The current CFO, Dan Florness, has also played an outstanding role in the expense and investment department as well. Under his financial leadership he has done an amazing job of frequently keeping the EPS growth higher than Fastenal's tremendous sales growth. In 2012 he also made the Wall Street Journal's top 10 list of best CFOs.
Fastenal has also done a very good job not only maintaining its gross margin while growing into a 3 billion dollar a year in sales company, but actually raising it over 2%. Keep in mind this was not starting from a low base either; last quarter it reported a gross margin of 52.3%. This exemplifies the company's focus on not just being an "auction house" of products and trying to beat competitors' prices but focusing on creating value for its customers in many ways.
One area of focus investors have some trouble with dealing with is its high P/E ratio compared to its peers. Historically this has been around 65% higher than its competitors Grainger (GWW) at 18 and MSC (MSM) at 20. Fastenal does have some strong arguments that warrant a high valuation considering its consistent sales and profitability growth, strong management and proven method of growing itself mostly organically. It has only made a couple of acquisitions in its 46-year history with the most recent and largest in 2009 being Holo-Krome, a domestic fastener manufacturer with a great quality product reputation.
Industrial Vending Machines
This is one of the primary reasons in conjunction with the local presence of the 2,600 stores already in place that I believe Fastenal has a very safe, and growing safer, moat surrounding its business. These are essentially small stores that are open 24 hours a day 7 days a week, stocked specifically with products that the individual customer uses, inside the company's building. Fastenal's largest competition on a national level are "catalog" companies Grainger, McMaster-Carr and MSC Industrial Direct. Yes, Grainger and MSC do have some brick and mortar stores as well as offer vending machines but nothing near the scope of Fastenal. They have a different business model as far as how they approach servicing their customers.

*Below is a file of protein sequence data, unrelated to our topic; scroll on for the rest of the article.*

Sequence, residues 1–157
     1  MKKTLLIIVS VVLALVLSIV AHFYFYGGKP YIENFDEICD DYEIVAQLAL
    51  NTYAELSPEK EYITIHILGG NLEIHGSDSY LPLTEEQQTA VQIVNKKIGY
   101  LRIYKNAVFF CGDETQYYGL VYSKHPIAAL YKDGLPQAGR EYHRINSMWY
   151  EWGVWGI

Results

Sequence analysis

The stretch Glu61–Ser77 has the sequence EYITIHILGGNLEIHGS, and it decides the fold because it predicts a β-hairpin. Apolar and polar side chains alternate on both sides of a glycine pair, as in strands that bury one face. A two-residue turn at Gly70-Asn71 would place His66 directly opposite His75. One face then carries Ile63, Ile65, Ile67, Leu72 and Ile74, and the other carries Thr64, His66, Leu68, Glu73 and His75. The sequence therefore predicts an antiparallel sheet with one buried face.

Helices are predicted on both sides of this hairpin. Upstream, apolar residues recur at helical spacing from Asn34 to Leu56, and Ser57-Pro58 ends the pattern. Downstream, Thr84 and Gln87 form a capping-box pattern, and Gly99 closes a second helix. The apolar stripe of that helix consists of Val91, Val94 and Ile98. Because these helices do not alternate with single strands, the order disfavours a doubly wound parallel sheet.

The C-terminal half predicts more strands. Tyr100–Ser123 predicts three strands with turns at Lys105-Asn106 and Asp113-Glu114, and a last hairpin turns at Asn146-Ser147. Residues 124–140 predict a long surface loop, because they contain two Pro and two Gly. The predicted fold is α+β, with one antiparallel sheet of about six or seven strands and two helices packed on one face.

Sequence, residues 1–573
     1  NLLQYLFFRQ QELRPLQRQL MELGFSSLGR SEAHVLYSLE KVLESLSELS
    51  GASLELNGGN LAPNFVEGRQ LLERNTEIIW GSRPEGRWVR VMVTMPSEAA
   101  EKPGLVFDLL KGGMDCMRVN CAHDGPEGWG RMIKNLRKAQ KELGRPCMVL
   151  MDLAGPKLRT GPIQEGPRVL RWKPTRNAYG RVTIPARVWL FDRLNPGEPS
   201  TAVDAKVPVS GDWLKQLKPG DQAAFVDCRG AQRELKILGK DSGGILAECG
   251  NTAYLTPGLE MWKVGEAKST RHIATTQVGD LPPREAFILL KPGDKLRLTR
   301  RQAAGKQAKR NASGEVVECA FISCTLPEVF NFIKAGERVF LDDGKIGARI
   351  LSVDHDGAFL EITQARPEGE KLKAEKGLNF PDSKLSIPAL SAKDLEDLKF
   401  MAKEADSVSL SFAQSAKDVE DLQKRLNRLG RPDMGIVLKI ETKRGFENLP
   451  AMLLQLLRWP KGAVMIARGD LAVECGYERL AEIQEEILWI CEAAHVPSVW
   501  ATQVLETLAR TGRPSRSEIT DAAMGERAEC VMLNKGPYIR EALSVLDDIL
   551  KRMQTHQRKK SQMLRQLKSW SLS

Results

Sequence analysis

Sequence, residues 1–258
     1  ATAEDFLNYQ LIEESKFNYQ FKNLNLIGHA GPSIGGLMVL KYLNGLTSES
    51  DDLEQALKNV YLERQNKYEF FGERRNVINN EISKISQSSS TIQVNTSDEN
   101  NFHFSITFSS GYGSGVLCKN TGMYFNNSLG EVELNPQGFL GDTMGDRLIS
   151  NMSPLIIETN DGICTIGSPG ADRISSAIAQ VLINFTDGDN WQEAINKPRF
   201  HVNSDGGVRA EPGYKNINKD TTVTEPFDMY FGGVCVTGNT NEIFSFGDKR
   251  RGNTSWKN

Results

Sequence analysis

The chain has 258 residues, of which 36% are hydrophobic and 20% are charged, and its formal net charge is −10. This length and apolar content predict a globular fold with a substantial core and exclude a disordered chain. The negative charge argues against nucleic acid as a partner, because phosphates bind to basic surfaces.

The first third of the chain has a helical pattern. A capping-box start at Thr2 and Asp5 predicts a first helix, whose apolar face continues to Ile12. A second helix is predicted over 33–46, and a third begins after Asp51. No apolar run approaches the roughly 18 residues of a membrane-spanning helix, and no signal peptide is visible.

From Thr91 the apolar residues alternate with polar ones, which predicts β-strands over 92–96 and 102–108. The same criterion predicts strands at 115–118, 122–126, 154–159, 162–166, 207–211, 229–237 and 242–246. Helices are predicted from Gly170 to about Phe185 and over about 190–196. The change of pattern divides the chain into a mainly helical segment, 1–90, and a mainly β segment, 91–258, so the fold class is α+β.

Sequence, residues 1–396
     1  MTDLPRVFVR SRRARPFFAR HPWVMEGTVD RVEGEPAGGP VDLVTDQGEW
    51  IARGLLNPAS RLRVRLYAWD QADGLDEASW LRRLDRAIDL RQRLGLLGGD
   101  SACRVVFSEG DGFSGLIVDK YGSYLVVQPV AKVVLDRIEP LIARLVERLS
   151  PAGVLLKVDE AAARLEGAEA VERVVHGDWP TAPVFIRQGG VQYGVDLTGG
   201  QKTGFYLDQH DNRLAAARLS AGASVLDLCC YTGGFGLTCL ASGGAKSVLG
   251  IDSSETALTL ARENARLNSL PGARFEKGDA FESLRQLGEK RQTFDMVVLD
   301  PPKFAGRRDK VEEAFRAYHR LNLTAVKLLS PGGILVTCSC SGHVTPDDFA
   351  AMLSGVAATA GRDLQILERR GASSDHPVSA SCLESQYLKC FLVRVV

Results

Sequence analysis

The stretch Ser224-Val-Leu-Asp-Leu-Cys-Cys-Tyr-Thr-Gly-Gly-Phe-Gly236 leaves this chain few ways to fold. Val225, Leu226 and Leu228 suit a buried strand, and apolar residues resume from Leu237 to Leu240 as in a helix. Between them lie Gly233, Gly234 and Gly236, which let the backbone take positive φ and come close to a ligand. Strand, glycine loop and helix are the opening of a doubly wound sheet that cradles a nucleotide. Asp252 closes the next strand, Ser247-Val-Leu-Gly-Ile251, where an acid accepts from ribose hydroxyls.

With all of those stores in place, the outside sales personnel in each location and over 25,000 vending machines and currently growing at over 4,000 machines per quarter, it is going to be very difficult for the competition to react to this. Yes, it could also start placing machines at the customer locations as fast as Fastenal has been doing but who will fill and service these machines? The coverage Fastenal has with its stores gives it the advantage of being able to have a representative at the site in no more than an hour and in most cases 5-10 minutes if need be. Another mouth-watering incentive Fastenal has shown for implementing these machines into customer locations is that, on average, the overall sales growth of a customer with a vending machine is 24% versus a non-vending customer.
Fastenal seems to have started the slowing process of placing new stores in the United States but that leaves the rest of the world to grow into. With this slowing of openings, it has focused on adding more sales specialists in the existing locations to better the quality and quantity of face-to-face sales coverage. I believe with this strategy along with the vending initiative, Fastenal is only getting started as being a wholesale powerhouse.
I respect the quality of readers and authors that the Seeking Alpha website draws to it so I would really like to hear any constructive feedback on Fastenal. Positive, negative or otherwise. I believe when making investment decisions you always need to bounce ideas off of others and listen to every angle put on a company's story to help build a solid thesis.